An important part of this level of analysis is to develop an understanding of customers and their behaviour in order to develop insight into how to get inside the minds of online customers and to understand the drivers and barriers which impact on how customers move through the buying process online. An important decision for digital marketing planners is which groups of customers are the most attractive targets and best match the organisation's capabilities. In business markets, purchasing decisions are almost exclusively goal-orientated. The decision-making unit (individuals involved in the purchasing decision) will vary according to the buy class, the product type and the importance of the purchase. The decision-making unit uses a range of choice criteria, mainly technical and economic, to evaluate purchasing options. Tzong-Ru and Jan-Mou (2005) argue that although the Internet has facilitated the connecting of markets across the globe it has not altered the general criteria for B2B trading. Therefore, it is perhaps reasonable to assume that choice criteria remain fairly constant whether an organisation is buying on- or offline. However, the online environment can enhance and potentially improve the efficiency of online trading by facilitating flow of logistics (leading to potential cost savings), business flow (developing and extending markets), enhanced cash flow (through streamlining and cost efficiencies in management and administration) and information flow (supporting decision making). It is important to remember that a fundamental part of the organisational buying process is customer relationship development and management. Trading via the Internet makes it possible to interact with large numbers of customers whilst still treating them as individuals due to the application of sophisticated e-CRM applications. However, it is important that such applications are supported by appropriate organisational structures (see Chapter 6 for further discussion of e-CRM).

Suppliers, intermediaries and other stakeholders are also considered as part of the macro-environmental analysis. Perhaps the most significant change to occur as a result of trading online is the nature of trading partnerships. New types of partnerships are being formed with new types of partners in electronic trading hubs (e.g. marketsites). Trading relationships are discussed again later in this chapter.

3 Internal analysis

Internet technologies are adopted in various ways to meet a range of business objectives. Organisations are responding differently to the opportunities and challenges created by the technology. General Electric Corporation was an early adopter of the technology and incorporated it into its transaction processing systems, which resulted in huge cost savings. Google was created through innovative use of carefully designed algorithms which enabled the company to be differentiated in the market by providing superior search services. But not all companies have been such proactive and innovative adopters of the technology. Many have taken cautious steps, say by introducing e-mail, developing a poster web site presenting company contact details and a view of the corporate headquarters, and then gradually moving towards e-commerce applications. However, increasingly, companies are looking for ways to get the best out of digital technologies: ips Intelligent Print Solutions is one such company. The company has won many industry awards for its use of digital solutions that both enhance levels of service and improve business efficiency (see Figure 11.1).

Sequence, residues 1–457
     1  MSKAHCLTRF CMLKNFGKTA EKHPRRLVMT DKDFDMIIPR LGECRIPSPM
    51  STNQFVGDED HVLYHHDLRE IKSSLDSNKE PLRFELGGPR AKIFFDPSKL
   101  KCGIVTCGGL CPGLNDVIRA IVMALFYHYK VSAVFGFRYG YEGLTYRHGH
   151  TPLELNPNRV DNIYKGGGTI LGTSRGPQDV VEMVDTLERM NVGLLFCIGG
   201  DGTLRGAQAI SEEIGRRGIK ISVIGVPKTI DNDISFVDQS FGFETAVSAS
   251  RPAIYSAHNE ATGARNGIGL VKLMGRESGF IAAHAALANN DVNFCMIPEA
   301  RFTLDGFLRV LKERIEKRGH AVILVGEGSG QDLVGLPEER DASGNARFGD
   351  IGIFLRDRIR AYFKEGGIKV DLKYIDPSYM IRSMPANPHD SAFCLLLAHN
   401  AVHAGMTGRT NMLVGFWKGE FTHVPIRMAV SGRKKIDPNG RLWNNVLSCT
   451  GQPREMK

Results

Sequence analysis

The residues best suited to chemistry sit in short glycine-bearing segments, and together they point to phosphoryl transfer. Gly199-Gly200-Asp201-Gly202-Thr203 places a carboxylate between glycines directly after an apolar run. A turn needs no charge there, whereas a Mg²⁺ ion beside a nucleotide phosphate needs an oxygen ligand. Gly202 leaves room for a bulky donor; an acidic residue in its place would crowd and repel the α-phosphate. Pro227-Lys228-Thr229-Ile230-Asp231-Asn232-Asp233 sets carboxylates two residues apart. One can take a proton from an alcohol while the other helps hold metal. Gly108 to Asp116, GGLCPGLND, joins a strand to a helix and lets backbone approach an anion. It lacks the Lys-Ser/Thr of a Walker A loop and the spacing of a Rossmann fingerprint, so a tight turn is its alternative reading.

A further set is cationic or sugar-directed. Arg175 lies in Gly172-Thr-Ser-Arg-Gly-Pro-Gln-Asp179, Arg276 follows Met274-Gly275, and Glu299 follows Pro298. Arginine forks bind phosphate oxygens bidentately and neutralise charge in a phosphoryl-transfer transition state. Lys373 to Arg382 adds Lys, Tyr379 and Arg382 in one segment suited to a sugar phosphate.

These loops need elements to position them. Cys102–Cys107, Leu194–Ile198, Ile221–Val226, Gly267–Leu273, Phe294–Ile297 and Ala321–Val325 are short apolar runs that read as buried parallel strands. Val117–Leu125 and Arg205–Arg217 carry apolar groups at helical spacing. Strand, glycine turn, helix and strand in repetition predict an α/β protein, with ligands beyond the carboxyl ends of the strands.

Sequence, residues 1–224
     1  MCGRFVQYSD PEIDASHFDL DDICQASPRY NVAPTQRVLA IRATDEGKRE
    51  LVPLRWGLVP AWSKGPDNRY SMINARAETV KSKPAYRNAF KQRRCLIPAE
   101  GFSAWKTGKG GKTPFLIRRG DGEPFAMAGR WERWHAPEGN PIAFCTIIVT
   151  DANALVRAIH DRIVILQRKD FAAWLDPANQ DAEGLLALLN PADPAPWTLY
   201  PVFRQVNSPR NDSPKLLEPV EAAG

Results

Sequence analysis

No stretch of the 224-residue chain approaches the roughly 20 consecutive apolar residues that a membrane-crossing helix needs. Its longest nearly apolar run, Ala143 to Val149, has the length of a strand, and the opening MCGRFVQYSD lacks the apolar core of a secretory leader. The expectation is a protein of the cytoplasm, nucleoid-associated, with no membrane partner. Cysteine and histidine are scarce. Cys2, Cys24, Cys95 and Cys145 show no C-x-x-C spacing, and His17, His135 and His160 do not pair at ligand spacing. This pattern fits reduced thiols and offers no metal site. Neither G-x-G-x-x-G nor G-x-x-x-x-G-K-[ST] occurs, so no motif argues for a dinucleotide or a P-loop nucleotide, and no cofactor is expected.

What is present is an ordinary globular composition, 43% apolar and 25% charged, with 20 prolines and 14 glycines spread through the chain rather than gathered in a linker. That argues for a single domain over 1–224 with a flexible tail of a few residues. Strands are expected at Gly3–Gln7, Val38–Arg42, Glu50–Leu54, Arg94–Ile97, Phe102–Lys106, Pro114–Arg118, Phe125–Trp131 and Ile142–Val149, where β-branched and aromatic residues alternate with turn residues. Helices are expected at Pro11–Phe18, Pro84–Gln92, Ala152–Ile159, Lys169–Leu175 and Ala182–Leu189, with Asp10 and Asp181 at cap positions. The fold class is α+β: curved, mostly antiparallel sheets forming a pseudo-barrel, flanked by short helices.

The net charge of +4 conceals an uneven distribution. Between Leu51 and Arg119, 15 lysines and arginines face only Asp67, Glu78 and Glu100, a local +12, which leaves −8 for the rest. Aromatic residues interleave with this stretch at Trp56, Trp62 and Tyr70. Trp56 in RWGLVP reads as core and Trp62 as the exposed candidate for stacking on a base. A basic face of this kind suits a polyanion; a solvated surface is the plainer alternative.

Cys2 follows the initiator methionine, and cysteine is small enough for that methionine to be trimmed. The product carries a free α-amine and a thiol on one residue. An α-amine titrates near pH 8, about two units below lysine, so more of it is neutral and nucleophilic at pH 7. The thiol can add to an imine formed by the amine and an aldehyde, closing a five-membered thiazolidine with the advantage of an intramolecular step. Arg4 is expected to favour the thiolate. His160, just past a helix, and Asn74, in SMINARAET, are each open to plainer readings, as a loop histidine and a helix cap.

Figure 11.1 ips Intelligent

Source: www.ips/tv/

Figure 11.1 ips Intelligent

Source: www.ips/tv/

This raises the question; why are organisations adopting Internet technologies at different rates and for different purposes? An important influence on how an organisation behaves is its internal environment: the dominant culture is determined by the shared sets of values within an organisation. Some have a culture that stresses the customer is always right whereas others are more bureaucratic and stress the need for doing things in an administratively correct manner. Whatever form the dominant culture takes it will affect everything the organisation does. Two other aspects of the organisation that are likely to be important to uptake and development of Internet marketing are the workforce and the technological infrastructure.

Currently, a key problem facing the e-commerce industry is the recruitment, retention and ongoing skills development of the workforce responsible for the development and operation of e-commerce systems and digital marketing operations. There is a general shortage of suitably knowledgeable and skilled individuals who are innovative, strategically minded and technically qualified. The status of the employment market can have an effect on the benefits required to attract the best workers - a shortage of skilled workers can encourage companies to introduce a range of additional benefits to attract and retain suitably skilled workers. Mini Case Study 11.1 presents some examples from the Ivy League of high-tech employers.

Mini Case Study 11.1